Two million diapers in 2019: More help is needed for Christian families on the Biblically important Nineveh Plain — not less.
There is no running water in many of the Christian towns on the Nineveh Plain.
Two full years after liberation, areas of Qaraqosh still look like this. Note that the power lines actually are not connected to anything.
Their water came from the dam on the Tigris river near the major Iraqi city of Mosul. That was the largest Iraqi city held by the Islamic State and it took more than a year for the Iraqi Army and Shia militias to take the city back from the Sunni jihadists of the Islamic State even with nearly constant bombing by The United States and other Western air forces.
The electric power plants were destroyed in the bombing. The water treatment plants were destroyed in the bombing. The water pumping stations were destroyed in the bombings. Most of the power lines came down and the water pipelines were hit as well.
When I was in Iraq this past December, there were still craters in roads. While many of the bridges that were bombed by the Western Coalition to stop Islamic State movements have been rebuilt, there are still some bridges that are down making transporting water difficult.
It gets worse: As I have mentioned previously in newsletters the water from wells on the Nineveh Plain is as salty as the sea. The well water is not drinkable. Cloth diapers cannot be washed in well water as the salt will stay in the diapers and irritate babies, causing diaper rash. The whole purpose of our Diapers for Refugees program is to reduce or stop completely the problem of severe diaper rash that can cause bacterial infections.
During 2018 the need for diapers increased as families moved away from aid centers and tried to move back to their looted homes.
As more families move back to Bartella, Qaraqosh, and other towns on the Nineveh Plain they receive less aid than they could have gotten in the larger city of Erbil.
Keep in mind that every Christian home was looted. The washing machines are gone as are the stoves, air conditioners, furniture and even the clothes and dishes.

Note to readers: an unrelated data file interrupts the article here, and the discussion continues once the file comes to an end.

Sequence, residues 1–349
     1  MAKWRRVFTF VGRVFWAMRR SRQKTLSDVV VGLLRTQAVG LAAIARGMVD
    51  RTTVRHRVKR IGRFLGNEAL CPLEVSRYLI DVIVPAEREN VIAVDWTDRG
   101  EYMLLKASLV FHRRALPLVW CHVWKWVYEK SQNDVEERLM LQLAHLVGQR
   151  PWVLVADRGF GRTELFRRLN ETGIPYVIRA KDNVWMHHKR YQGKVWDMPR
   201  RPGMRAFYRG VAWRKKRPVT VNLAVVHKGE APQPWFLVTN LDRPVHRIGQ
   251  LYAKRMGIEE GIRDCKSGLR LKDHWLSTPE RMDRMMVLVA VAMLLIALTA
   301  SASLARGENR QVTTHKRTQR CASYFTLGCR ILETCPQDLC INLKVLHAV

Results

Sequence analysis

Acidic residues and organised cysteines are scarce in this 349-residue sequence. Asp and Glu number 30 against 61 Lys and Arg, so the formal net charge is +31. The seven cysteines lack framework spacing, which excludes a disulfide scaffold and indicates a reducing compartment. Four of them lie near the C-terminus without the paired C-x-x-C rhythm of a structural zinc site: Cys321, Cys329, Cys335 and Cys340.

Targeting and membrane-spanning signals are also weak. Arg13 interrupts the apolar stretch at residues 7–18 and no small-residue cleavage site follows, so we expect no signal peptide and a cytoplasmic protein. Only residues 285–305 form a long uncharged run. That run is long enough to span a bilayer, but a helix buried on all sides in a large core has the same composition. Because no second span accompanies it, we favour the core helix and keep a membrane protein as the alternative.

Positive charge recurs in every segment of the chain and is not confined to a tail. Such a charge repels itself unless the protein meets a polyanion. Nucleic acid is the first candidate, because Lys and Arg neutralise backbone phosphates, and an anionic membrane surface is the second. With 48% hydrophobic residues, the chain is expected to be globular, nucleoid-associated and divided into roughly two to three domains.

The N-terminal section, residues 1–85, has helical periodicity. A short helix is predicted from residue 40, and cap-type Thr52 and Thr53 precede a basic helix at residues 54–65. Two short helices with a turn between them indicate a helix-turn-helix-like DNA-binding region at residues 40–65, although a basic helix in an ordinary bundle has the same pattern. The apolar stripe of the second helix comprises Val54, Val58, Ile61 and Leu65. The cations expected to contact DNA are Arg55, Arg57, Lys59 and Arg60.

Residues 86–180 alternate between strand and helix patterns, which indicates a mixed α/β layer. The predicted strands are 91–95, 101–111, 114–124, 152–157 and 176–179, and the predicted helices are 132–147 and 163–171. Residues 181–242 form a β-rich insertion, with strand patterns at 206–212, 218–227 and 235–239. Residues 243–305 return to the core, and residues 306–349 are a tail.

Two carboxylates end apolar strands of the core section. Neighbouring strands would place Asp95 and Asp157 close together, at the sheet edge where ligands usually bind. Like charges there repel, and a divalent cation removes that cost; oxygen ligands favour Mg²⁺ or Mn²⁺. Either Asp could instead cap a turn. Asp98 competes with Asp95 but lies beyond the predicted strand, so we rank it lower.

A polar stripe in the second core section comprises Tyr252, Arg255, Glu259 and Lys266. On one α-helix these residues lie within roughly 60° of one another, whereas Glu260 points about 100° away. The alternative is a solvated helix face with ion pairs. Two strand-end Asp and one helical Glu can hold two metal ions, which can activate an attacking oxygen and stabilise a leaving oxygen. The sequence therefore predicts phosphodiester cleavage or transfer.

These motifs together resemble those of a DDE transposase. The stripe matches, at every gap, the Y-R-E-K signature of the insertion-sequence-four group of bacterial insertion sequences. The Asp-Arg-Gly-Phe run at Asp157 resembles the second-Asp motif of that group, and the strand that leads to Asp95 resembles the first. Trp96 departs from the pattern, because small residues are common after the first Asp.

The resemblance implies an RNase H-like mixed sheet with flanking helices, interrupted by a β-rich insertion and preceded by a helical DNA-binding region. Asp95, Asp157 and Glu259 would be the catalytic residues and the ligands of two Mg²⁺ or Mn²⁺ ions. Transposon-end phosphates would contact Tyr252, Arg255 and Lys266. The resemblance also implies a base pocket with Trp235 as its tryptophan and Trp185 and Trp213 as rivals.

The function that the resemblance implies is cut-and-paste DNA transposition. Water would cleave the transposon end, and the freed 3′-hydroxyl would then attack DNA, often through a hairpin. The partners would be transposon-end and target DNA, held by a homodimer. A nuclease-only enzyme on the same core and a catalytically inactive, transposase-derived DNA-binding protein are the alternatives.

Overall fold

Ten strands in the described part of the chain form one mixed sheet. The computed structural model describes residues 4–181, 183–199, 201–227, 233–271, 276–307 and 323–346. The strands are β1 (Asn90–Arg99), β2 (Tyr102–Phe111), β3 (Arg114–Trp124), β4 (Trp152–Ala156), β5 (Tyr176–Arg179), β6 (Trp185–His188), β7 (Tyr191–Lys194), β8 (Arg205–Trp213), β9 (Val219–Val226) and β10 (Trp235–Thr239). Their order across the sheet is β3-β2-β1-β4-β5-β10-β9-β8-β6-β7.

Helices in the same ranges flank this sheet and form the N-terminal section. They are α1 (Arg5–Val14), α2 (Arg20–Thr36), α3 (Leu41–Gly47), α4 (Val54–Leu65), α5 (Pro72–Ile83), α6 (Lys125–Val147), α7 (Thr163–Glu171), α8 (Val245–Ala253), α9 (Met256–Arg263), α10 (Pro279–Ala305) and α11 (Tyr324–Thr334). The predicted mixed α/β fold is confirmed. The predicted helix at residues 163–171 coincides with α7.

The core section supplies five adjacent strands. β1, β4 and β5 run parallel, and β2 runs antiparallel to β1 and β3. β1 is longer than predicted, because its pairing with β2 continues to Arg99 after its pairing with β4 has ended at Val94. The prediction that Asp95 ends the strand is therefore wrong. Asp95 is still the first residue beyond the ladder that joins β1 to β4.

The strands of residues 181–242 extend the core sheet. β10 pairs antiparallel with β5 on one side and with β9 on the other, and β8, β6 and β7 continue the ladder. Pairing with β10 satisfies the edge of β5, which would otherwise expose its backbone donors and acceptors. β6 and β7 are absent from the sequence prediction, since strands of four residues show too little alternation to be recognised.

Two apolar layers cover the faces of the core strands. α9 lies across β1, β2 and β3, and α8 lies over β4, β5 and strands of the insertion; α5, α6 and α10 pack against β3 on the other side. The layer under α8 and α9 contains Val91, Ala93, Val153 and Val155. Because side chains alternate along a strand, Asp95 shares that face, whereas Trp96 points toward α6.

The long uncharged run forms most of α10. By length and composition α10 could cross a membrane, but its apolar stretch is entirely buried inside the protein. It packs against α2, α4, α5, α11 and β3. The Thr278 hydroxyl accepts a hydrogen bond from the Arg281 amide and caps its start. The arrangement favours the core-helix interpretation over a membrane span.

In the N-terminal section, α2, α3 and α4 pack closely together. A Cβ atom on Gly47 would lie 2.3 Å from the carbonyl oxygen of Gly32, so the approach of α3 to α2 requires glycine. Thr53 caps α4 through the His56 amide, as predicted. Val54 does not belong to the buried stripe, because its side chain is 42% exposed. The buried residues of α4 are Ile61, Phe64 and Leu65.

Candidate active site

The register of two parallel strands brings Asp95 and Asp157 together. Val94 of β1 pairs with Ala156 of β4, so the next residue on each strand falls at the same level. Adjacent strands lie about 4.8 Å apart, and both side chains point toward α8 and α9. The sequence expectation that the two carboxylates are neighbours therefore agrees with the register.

Because of the images many Americans have of those living in the Middle East, I have to emphasize over and over again that these Christian families were almost all well educated and middle class.
The Christian families did not live in tents or huts, like the image many have set in their minds. Many of these homes were anywhere from 1,500 to 4,000 sq. ft. and had tiled floors with full modern baths and kitchens. That is all gone, every bit of it.
I have been in these homes … before and after. I have enjoyed dinner in more than one Christian Arab home in the Middle East. I have met Christian men and women who are doctors, lawyers, and businessmen. Some were millionaires before the invasion.
I have also seen the jihadist writings on the walls of destroyed homes. I have visited the shops and even factories that were owned by Christians that now lie empty or in ruins.
There was a huge metal door and window factory at the entrance to Qaraqosh that now lies in ruins. All of the equipment was stolen and carted off to Turkey.
Currently the biggest industry in Iraq is demolition and the reprocessing of scrap metal and cement. Those are not great paying jobs.
And sadly, I must report that most of the wealthy Christians, those that were millionaires fled to Europe during the occupation by the Islamic State. They don’t plan on coming back. Without the wealthy the rebuilding process will be even slower.
Every dollar counts in a situation like this: This is why the Diapers for Refugees program is so important. Every dollar’s worth of diapers we can furnish to families in need is one more dollar they have to rebuild their shattered lives, one more dollar to help buy dishes or linens or a mattress to sleep on.
These are the reasons I want to keep the Diapers for Refugees program alive in 2019.